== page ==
The Associated Press
WASHINGTON -- Consumer prices barely budged in August, suggesting that inflation isn't currently a problem for the economy and Federal Reserve policy-makers can stick with a gradual approach to raising interest rates.
The government's closely watched inflation barometer, the Consumer Price Index, rose by just 0.1 percent in August from the previous month, the Labor Department reported Thursday. Falling prices for clothes, cars and airfares helped to temper rising prices for medical care, education and some food items.
The tiny rise came after consumer prices dipped 0.1 percent in July.
Excluding energy and food prices, which can swing widely from month to month, "core" prices also inched up by 0.1 percent in August for the third month in a row. That suggested that most other prices are remaining well behaved, analysts said.
From an economic point of view, the inflation picture was slightly better than some analysts were expecting. They were forecasting a 0.2 percent rise in both the overall CPI and for core prices.
A slowing in economic growth in the second quarter, analysts said, made it harder for some companies to raise prices and induced others to cut them, thus improving the inflation climate.
As "the economy perks up, pricing power may reappear, but, for now, the outlook in the near term is benign," said Steve Stanley, chief economist at RBS Greenwich Capital.
On Wall Street, stocks got a bit of a lift from the good inflation news. The Dow Jones industrials gained 13.13 points to close at 10,244.49.
Analysts said the CPI report bodes well for the Fed maintaining a measured approach to raising short-term interest rates.
The Fed is widely expected next week to boost a key rate to 1.75 percent, from 1.50 percent, which would be its third rate increase this year. Analysts say rates are still low by historical standards and need to go up to help prevent inflation from becoming a problem in the future.
The latest picture of prices comes less than two months before Election Day. President Bush has a markedly more positive view than his Democratic rival John Kerry of how the economy and the nation's job market are doing.
Federal Reserve Chairman Alan Greenspan says the economy hit a bit of a rough patch in the late spring and summer, but now appears to be gaining ground. In other economic reports:
-- New claims for unemployment benefits rose last week by a seasonally adjusted 16,000 to 333,000, the Labor Department said. The pace of layoffs, however, has slowed over the last year. A year ago, new filings were at 401,000.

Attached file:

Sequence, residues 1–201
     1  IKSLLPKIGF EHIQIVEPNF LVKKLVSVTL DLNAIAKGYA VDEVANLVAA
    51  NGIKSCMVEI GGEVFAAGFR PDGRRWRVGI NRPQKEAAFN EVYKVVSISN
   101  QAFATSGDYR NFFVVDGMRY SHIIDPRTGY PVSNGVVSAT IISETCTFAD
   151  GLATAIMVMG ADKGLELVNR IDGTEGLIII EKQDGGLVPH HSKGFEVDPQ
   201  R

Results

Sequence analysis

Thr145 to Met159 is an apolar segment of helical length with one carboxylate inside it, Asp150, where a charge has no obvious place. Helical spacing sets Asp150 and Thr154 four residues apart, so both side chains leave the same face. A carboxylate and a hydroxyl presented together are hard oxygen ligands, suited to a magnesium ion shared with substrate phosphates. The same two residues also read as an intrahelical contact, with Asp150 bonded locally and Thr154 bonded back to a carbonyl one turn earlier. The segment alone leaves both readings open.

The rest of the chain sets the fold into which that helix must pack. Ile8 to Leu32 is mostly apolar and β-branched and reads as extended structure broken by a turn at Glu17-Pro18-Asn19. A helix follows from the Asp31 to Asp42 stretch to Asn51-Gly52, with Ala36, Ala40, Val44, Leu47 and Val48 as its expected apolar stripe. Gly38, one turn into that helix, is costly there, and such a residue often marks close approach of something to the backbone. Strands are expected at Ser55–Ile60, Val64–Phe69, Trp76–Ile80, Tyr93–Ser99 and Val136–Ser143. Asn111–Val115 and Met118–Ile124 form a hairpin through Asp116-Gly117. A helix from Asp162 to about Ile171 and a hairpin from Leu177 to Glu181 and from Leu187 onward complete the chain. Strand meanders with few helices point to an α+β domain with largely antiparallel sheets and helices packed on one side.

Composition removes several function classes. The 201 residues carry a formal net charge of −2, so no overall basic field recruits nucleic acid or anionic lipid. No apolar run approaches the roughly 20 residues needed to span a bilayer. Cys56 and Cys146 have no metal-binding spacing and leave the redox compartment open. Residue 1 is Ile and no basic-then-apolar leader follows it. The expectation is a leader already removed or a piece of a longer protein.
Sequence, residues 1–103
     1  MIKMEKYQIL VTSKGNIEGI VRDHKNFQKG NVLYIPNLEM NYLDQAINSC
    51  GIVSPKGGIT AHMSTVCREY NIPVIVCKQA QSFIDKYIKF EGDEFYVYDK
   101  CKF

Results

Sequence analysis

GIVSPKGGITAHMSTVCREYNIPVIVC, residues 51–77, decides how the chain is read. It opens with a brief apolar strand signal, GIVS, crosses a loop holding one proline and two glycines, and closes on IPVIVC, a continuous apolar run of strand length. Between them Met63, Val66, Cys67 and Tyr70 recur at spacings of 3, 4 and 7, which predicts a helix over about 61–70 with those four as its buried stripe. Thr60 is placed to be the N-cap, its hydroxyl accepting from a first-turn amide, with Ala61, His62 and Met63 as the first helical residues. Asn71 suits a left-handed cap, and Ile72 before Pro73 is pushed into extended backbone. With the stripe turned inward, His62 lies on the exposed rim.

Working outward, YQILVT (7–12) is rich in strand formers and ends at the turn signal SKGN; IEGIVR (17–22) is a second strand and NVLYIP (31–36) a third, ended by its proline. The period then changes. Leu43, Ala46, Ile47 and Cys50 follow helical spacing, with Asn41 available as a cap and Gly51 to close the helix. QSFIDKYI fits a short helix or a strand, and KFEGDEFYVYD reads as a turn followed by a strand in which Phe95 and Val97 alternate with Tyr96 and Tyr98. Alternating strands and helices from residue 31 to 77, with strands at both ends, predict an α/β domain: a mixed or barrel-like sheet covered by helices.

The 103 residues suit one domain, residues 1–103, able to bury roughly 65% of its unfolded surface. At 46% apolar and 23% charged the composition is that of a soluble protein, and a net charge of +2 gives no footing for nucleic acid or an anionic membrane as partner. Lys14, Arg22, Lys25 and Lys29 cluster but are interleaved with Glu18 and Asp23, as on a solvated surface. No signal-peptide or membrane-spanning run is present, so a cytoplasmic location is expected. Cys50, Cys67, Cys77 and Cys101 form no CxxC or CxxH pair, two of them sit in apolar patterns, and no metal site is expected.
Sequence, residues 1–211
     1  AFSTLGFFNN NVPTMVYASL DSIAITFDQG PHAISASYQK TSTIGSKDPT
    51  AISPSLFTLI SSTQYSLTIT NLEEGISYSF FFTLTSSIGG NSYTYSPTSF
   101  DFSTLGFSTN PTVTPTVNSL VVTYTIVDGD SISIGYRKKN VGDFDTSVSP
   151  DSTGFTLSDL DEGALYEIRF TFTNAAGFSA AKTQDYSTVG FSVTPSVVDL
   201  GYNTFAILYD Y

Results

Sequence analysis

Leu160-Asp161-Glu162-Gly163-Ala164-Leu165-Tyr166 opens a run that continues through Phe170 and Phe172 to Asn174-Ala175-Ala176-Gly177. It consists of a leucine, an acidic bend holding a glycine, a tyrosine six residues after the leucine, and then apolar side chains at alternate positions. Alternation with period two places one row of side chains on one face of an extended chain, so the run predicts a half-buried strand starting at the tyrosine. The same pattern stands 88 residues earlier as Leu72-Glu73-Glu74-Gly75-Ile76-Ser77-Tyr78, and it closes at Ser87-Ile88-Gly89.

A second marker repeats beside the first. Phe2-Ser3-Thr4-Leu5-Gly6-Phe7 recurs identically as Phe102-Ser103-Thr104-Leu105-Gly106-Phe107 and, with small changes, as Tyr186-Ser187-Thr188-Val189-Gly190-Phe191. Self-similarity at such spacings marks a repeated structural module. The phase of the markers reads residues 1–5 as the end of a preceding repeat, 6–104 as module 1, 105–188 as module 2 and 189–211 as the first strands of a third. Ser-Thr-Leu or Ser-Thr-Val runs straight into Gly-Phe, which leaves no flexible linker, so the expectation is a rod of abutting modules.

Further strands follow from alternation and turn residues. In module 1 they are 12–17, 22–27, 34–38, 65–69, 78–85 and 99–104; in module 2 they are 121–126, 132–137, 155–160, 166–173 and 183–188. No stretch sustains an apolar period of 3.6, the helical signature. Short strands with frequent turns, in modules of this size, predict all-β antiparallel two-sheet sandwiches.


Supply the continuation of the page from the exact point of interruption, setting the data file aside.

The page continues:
-- U.S. households saw their net worth in the second quarter of this year rise to a record $45.91 trillion, reflecting in part higher home and other real-estate values. The second quarter's figure surpassed the previous all-time high registered in the first quarter of this year.
On the inflation front, Greenspan has struck an optimistic tone. "Despite the rise in oil prices through mid-August, inflation and inflation expectations have eased in recent months," Greenspan said last week.
Crude prices climbed to record highs earlier this summer, topping $48 a barrel, but have moderated in recent weeks.
In August, energy prices dipped 0.3 percent, after a 1.9 percent decline in July. For both months, declining gasoline prices eclipsed higher costs for other energy products.
Food prices edged up 0.1 percent in August, down from a 0.3 percent advance.
Clothing prices in August declined 0.2 percent. New automobile prices dropped 0.3 percent and airfares fell 3.7 percent, the largest decrease since June 1999. Medical care costs rose 0.2 percent and education costs went up 0.6 percent.
So far this year, consumer prices are rising at a seasonally adjusted rate of 3.7 percent, compared with an increase of 1.9 percent for all of last year. The pickup largely reflects higher energy prices.
"Although the present oil shock may not be as significant as the shocks we remember from the 1970s and 1980s, it will definitely register," said Fed member Edward Gramlich in a speech Thursday. He said Fed policy-makers must always stand guard against inflation. "The worst possible outcome is for monetary policy-makers to let inflation come loose from its moorings," he said.